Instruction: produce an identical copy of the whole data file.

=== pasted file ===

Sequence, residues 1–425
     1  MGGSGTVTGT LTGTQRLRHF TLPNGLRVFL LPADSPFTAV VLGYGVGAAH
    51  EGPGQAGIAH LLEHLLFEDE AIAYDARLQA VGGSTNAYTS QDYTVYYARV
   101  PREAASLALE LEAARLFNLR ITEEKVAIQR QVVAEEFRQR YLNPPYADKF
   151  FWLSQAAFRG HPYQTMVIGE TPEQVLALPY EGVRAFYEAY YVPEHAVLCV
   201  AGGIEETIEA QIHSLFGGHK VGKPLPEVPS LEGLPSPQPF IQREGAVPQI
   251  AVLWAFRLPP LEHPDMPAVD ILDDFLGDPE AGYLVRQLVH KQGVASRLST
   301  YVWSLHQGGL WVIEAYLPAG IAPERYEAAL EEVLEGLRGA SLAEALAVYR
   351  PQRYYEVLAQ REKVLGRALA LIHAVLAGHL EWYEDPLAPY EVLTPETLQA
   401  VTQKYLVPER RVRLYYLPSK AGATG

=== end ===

Sequence, residues 1–425
     1  MGGSGTVTGT LTGTQRLRHF TLPNGLRVFL LPADSPFTAV VLGYGVGAAH
    51  EGPGQAGIAH LLEHLLFEDE AIAYDARLQA VGGSTNAYTS QDYTVYYARV
   101  PREAASLALE LEAARLFNLR ITEEKVAIQR QVVAEEFRQR YLNPPYADKF
   151  FWLSQAAFRG HPYQTMVIGE TPEQVLALPY EGVRAFYEAY YVPEHAVLCV
   201  AGGIEETIEA QIHSLFGGHK VGKPLPEVPS LEGLPSPQPF IQREGAVPQI
   251  AVLWAFRLPP LEHPDMPAVD ILDDFLGDPE AGYLVRQLVH KQGVASRLST
   301  YVWSLHQGGL WVIEAYLPAG IAPERYEAAL EEVLEGLRGA SLAEALAVYR
   351  PQRYYEVLAQ REKVLGRALA LIHAVLAGHL EWYEDPLAPY EVLTPETLQA
   401  VTQKYLVPER RVRLYYLPSK AGATG